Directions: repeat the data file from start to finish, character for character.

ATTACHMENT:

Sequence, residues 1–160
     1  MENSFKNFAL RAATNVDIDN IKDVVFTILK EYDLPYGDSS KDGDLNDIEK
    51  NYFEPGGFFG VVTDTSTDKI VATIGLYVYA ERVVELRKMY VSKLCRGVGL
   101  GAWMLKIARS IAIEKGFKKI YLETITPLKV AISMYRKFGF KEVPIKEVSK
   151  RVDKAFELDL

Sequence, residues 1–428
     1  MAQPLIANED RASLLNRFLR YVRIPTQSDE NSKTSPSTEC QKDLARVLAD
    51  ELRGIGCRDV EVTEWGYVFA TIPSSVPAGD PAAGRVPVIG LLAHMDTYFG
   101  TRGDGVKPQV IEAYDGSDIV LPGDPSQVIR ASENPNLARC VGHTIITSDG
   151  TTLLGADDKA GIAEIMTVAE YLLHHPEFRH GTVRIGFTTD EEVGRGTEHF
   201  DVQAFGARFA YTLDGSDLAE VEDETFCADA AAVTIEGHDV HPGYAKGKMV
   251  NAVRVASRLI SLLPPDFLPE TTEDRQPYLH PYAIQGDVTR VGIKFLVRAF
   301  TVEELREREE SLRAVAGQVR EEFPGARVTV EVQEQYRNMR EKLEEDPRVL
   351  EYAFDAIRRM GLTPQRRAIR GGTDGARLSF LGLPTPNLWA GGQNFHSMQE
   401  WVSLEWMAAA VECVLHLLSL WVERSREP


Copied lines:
Sequence, residues 1–160
     1  MENSFKNFAL RAATNVDIDN IKDVVFTILK EYDLPYGDSS KDGDLNDIEK
    51  NYFEPGGFFG VVTDTSTDKI VATIGLYVYA ERVVELRKMY VSKLCRGVGL
   101  GAWMLKIARS IAIEKGFKKI YLETITPLKV AISMYRKFGF KEVPIKEVSK
   151  RVDKAFELDL

Sequence, residues 1–428
     1  MAQPLIANED RASLLNRFLR YVRIPTQSDE NSKTSPSTEC QKDLARVLAD
    51  ELRGIGCRDV EVTEWGYVFA TIPSSVPAGD PAAGRVPVIG LLAHMDTYFG
   101  TRGDGVKPQV IEAYDGSDIV LPGDPSQVIR ASENPNLARC VGHTIITSDG
   151  TTLLGADDKA GIAEIMTVAE YLLHHPEFRH GTVRIGFTTD EEVGRGTEHF
   201  DVQAFGARFA YTLDGSDLAE VEDETFCADA AAVTIEGHDV HPGYAKGKMV
   251  NAVRVASRLI SLLPPDFLPE TTEDRQPYLH PYAIQGDVTR VGIKFLVRAF
   301  TVEELREREE SLRAVAGQVR EEFPGARVTV EVQEQYRNMR EKLEEDPRVL
   351  EYAFDAIRRM GLTPQRRAIR GGTDGARLSF LGLPTPNLWA GGQNFHSMQE
   401  WVSLEWMAAA VECVLHLLSL WVERSREP